Saturday 24th November 2018, 1100 Kick Off
Fulham FC U18 vs Chelsea FC U18
Nestled snugly in the Borough of Kingston-upon-Thames, is the leafy suburb of Motspur Park, and around 500 metres from it’s eponymous train station, is the training ground of Premier League Fulham.
A large manor-type property, the actual HQ building is surrounded by luscious green fields, and an indoor complex which can only be accurately equated to the sort of hangars where a NATO partner might store a long-range bomber. Enclosing this whole campus, is a ten foot high fence, keeping the prying eyes of scouts, journalists, and nosy Kingstonians away from behind-closed-doors scoops.
However, they couldn’t keep me out. Because, erm, I asked if I could come in to take photos. However, being there in an official photographic capacity made it difficult to take enough notes to write a full match report, so I’ve instead satisfied myself with a ten point “interest piece” on the match, environment, and nature of Premier League Academy football. On top of that, a match report on a nil nil draw rarely makes good reading…
1. Forgive me for stating the obvious, but these kids are good
The talent on show is obvious. In terms of technical ability, there really can’t be much difference between the players getting their kicks of a sodden pitch here today, and those further up the pyramid. It’s not until you see this, that you realise just how competitive the world of football is. There is no one – and I mean no one – playing here, who wouldn’t have been the best player you’ve ever played with. From as far afield as Singapore and as close to home as Staines, the net has been dragged and trawled everywhere, and it’s found the talent. But only some of these players will even progress to U23 level, and from then on even fewer still to the long-term professional ranks, let alone to their respective first teams at Fulham and Chelsea.
Whatever you may think when you see the fancy dans in Premier League football, and think that they don’t really give a shit, it’s worth remembering just what they’ve overcome to be there. For the 22 lads on the pitch today, there are literally hundreds of thousands who have fallen by the wayside – they haven’t had the talent, desire, luck or support to get to this level, let alone any futher.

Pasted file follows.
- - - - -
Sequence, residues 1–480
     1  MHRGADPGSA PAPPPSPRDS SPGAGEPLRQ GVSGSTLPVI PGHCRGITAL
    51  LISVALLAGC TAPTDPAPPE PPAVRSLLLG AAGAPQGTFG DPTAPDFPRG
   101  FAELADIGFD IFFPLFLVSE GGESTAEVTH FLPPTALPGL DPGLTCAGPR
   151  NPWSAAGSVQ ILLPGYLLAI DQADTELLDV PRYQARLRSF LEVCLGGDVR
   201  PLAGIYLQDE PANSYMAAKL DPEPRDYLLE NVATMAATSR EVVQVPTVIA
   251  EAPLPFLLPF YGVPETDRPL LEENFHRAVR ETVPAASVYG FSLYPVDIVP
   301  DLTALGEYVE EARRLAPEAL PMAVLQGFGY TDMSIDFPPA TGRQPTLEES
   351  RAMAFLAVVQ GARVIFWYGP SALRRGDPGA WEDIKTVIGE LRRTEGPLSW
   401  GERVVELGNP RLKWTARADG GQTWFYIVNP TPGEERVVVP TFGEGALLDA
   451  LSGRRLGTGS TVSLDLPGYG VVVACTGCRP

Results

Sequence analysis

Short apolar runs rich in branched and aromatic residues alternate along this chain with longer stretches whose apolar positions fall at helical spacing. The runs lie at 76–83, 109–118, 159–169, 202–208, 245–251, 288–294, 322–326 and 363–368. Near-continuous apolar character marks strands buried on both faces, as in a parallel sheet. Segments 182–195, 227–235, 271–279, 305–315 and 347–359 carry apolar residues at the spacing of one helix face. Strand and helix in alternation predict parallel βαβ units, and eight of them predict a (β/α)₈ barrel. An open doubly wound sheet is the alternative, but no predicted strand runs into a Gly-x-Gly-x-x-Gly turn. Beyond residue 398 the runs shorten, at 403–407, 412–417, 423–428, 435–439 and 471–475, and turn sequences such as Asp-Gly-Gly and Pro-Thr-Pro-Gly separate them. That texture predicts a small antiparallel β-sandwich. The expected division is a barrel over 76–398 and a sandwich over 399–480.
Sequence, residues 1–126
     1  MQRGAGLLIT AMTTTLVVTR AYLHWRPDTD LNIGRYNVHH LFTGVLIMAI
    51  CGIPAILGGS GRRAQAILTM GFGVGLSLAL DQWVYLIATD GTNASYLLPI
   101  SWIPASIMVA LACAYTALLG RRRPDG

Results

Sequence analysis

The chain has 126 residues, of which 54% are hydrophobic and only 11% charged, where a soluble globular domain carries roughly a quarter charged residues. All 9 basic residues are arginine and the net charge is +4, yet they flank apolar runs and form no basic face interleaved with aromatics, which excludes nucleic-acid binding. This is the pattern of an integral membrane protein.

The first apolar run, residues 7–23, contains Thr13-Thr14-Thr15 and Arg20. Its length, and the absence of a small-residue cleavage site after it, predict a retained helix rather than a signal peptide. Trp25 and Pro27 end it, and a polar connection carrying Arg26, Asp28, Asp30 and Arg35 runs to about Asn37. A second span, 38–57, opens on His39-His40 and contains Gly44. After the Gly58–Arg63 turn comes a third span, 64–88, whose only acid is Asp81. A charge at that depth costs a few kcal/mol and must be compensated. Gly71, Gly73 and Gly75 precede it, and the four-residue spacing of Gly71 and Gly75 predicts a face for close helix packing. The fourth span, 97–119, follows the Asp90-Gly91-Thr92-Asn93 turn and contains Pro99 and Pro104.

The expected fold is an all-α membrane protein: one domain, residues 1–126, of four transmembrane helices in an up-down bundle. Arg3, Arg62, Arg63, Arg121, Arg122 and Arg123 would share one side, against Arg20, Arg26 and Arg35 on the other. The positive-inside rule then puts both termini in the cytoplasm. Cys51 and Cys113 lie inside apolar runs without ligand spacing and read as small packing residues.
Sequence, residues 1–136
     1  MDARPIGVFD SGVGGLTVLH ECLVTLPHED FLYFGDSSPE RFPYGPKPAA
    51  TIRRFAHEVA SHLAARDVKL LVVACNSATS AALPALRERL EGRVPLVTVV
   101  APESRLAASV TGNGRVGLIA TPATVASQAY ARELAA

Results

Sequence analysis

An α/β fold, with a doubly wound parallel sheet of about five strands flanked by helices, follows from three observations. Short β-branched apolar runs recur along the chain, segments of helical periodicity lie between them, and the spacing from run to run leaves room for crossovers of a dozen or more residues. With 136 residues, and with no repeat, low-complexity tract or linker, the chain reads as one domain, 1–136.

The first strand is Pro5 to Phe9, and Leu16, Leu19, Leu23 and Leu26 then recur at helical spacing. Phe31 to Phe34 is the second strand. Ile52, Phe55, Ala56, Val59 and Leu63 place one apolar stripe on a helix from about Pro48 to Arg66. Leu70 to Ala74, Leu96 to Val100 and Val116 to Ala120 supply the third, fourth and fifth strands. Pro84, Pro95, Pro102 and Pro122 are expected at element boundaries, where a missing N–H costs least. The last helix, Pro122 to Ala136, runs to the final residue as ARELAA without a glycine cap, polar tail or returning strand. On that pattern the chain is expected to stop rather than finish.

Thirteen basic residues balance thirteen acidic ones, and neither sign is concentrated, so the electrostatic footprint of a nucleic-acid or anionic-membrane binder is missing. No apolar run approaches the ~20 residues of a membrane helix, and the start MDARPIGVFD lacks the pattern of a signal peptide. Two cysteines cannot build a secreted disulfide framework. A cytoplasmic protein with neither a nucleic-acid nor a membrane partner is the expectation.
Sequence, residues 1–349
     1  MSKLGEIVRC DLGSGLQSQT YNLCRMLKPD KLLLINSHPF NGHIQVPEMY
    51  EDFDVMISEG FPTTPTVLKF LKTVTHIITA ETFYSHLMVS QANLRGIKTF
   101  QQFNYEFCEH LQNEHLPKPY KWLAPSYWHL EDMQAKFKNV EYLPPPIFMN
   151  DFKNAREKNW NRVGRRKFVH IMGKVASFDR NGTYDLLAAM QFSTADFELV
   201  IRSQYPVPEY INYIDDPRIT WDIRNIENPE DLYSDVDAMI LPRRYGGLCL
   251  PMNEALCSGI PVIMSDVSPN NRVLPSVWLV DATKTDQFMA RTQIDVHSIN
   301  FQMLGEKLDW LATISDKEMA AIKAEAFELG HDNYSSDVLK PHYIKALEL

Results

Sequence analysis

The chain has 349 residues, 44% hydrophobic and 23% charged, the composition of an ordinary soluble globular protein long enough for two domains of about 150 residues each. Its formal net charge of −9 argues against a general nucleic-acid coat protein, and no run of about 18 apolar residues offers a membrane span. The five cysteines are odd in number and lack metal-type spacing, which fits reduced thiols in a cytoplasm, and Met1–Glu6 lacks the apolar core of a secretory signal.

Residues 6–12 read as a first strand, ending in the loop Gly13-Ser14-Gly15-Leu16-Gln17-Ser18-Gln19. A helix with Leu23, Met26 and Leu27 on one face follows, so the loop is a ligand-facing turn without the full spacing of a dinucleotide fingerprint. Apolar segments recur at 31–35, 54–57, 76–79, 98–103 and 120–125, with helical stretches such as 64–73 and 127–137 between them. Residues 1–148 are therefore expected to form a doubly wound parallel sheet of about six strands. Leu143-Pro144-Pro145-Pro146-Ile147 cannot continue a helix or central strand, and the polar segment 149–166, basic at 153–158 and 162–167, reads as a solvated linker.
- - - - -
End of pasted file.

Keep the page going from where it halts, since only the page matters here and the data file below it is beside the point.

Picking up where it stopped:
2. Chelsea are arguably the pre-eminent force in youth football
They may only be third in the league following this draw against 7th placed Fulham (U18 football is divided into North and South divisions until the season finals…), but Chelsea are arguably the major force in youth football. Supported by a vast scouting network and inexhaustible resources, the young Blues are the double reigning champions at U18 level.
They’ve been criticised in the past for simply picking the biggest, strongest lads and prioritising success at yough level over footballing development, and they certainly had some big chaps on offer today. The likes of Hounslow-born midfielder Jon Russell, and George Nunn signed from Crewe Alexandra stood head and shoulders over their Fulham counterparts, but definitely had the technical ability to go with it.
3. The football is slow – and there’s very little aggression
Understandably, when the focus is on development, the pace of the game was much slower than it might otherwise have been. With the focus on (ostensibly) providing players ready for the first team, both sides played with the same set-up and playing focus as the Premier League first teams, but without the aggression and intensity that top flight football necessitates.